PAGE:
A man of God. The new pope struck me then as someone who lived from the inside out - a man whose rich interior life was the basis of his public life, a leader whose decisions grew from prayer and discernment, not calculation.

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Pope on Palm Sunday: Christ's passion leads to joy

By Francis X. Rocca
Catholic News Service

VATICAN CITY (CNS) -- Pope Francis celebrated his first Palm Sunday Mass as pope March 24, telling an overflow crowd in St. Peter's Square that Christ's death on the cross is a source of eternal consolation and joy.

"A Christian can never be sad. Never give way to discouragement," the pope said in his homily, assuring listeners that with Jesus, "We are never alone, even at difficult moments, even at difficult moments when our life's journey comes up against problems and obstacles that seem insurmountable, and there are so many of them."

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Archbishop Coakley: All of us are called to be more concerned with mission than maintenance

SUBIACO, ARKANSAS -- The baptized faithful are called to be more concerned with mission than maintenance, Archbishop Paul Coakley said March 15 during a Mass to celebrate the 135th anniversary of Subiaco Abbey and the 55th anniversary of the consecration of its church.

Archbishop Coakley traveled to Arkansas -- which is within the province of Oklahoma City -- for the celebration.

"The modern papacy has taken on a new style, less managerial and more evangelical," Archbishop Coakley said in his homily. "This has consequences for the whole Church. All of us are called to be ... more interested in evangelization and making disciples than merely shoring up institutions while Catholics drift away."

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The fresh style of Pope Francis sends a clear message

By Francis X. Rocca
Catholic News Service

VATICAN CITY (CNS) -- Pope Francis had been pope for less than six days when he was formally installed March 19, but he had already made a distinctive and overwhelmingly favorable impression on the world.

That is an especially remarkable accomplishment given that, until his election, the former Cardinal Jorge Mario Bergoglio had been practically unknown to the public outside his native Argentina.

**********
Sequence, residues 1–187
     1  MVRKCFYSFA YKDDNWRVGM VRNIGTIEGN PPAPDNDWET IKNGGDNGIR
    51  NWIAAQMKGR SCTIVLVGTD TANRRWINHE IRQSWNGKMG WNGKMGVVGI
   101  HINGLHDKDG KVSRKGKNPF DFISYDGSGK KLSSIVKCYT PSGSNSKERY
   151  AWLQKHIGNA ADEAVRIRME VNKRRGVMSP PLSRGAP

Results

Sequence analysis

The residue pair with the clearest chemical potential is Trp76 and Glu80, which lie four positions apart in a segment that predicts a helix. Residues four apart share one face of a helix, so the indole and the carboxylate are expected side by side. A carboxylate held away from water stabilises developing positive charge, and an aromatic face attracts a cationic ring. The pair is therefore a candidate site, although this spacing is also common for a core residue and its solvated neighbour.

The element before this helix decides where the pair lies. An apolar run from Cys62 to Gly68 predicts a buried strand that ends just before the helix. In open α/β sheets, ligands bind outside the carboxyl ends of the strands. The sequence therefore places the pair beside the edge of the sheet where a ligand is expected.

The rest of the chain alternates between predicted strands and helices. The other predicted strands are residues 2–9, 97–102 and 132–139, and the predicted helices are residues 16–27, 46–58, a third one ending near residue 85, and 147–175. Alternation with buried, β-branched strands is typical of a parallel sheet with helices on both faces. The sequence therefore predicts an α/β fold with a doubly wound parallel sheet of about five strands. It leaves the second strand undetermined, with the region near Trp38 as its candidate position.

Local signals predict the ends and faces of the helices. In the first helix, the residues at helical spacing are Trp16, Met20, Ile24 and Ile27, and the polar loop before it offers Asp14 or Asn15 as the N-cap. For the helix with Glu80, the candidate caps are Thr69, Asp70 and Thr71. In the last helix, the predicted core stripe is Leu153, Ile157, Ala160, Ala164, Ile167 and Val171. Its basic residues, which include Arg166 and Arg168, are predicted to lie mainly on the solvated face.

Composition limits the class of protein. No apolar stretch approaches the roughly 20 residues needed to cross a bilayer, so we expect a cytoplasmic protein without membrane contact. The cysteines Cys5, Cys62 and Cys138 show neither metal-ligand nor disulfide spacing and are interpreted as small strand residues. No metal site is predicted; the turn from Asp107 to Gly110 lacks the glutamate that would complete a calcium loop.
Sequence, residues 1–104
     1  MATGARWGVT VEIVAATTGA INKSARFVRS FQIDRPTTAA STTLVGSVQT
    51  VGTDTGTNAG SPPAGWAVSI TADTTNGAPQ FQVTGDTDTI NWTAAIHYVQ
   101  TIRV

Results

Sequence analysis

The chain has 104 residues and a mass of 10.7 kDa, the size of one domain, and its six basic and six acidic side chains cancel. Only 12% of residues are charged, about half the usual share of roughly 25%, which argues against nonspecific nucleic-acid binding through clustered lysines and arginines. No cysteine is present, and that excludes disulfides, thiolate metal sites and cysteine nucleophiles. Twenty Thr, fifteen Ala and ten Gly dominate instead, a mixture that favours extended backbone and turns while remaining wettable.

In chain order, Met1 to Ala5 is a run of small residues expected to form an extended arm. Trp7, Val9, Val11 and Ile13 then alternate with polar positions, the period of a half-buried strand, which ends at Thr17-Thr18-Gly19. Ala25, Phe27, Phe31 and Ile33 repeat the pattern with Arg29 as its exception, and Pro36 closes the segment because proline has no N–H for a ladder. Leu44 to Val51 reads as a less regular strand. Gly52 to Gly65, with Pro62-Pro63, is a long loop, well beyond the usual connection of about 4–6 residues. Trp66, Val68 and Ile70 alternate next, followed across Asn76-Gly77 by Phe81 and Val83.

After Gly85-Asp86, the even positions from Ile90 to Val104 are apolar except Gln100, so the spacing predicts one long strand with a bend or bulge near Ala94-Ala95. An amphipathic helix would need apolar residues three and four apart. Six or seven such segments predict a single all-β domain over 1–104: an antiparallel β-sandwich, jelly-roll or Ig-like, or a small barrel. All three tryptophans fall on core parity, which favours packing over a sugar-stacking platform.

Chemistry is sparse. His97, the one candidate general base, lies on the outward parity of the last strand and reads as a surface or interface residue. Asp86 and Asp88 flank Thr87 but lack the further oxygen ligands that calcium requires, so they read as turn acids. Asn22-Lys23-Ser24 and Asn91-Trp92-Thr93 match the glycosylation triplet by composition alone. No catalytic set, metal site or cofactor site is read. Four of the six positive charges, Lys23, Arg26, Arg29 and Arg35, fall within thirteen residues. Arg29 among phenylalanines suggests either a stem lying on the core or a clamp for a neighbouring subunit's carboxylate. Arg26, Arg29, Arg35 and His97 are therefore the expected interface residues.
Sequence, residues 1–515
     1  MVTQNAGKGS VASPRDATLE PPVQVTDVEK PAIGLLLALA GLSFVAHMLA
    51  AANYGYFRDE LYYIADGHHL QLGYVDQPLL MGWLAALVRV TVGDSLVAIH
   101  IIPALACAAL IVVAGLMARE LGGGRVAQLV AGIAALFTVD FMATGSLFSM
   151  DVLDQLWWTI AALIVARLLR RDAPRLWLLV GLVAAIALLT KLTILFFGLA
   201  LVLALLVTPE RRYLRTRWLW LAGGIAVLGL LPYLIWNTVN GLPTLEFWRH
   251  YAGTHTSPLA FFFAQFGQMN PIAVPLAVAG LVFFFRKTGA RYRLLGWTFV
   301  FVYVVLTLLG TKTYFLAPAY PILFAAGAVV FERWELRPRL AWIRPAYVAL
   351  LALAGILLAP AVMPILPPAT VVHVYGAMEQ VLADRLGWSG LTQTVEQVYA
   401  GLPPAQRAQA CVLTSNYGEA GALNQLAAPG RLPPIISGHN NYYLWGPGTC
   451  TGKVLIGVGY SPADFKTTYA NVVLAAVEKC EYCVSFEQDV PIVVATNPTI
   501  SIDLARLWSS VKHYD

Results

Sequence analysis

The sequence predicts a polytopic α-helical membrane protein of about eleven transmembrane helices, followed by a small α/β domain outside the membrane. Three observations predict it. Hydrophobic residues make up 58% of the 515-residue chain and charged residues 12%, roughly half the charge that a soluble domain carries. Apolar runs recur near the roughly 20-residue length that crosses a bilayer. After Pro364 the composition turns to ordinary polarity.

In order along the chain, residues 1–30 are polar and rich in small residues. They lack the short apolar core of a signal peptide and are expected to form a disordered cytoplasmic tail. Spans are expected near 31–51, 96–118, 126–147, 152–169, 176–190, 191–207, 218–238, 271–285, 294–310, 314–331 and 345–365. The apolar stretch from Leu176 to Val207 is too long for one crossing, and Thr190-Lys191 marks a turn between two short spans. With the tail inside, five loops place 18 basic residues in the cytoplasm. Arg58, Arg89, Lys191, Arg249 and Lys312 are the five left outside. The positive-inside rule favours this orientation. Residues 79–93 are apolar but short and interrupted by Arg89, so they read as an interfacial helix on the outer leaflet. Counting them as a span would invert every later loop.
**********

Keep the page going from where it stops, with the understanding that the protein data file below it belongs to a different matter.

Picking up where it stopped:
His abrupt change in style from the previous pontificate has overwhelmingly charmed the press and the public. But among the hierarchy, off-the-record sentiments seem to be more mixed: admiration at the ease with which Pope Francis has assumed his new role, alongside doubts that he can or should keep up such an unconventional approach for long.

Read more...

Inaugural Mass of Pope Francis attracts crowd of 200,000

By Cindy Wooden
Catholic News Service

VATICAN CITY (CNS) -- Although attempts were made to simplify the ceremony, Pope Francis officially inaugurated his ministry as pope and bishop of Rome in a liturgy filled with biblical symbolism and signs of the universality of his mission.

But before the solemn rites began March 19, Pope Francis -- known for choosing public transport over chauffeur-driven limousines -- took his first spin in the popemobile, blessing the tens of thousands of people who arrived in St. Peter's Square as early as 4 a.m. to pray with him. He waved and, at one point, gave a thumbs up to the faithful. He also kissed three babies held up to him by the chief of Vatican security, Domenico Gianni, and other officers.

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Pope Francis to reporters: The Church is not essentially political, but spiritual

By Tina Korbe Dzurisin
The Sooner Catholic

In an address to the media this weekend, Pope Francis thanked reporters for their around-the-clock coverage of the conclave even as he reminded them that news related to the Church must be reported in the context of faith.

"Ecclesial events are certainly no more intricate than political or economic events!" Pope Francis said. "But they do have one particular underlying feature: They follow a pattern which does not readily correspond to the 'worldly' categories which we are accustomed to use, and so it is not easy to interpret and communicate them to a wider and more varied public. The Church is certainly a human and historical institution with all that that entails, yet her nature is not essentially political but spiritual: the Church is the People of God, the Holy People of God making its way to encounter Jesus Christ. Only from this perspective can a satisfactory account be given of the Church’s life and activity."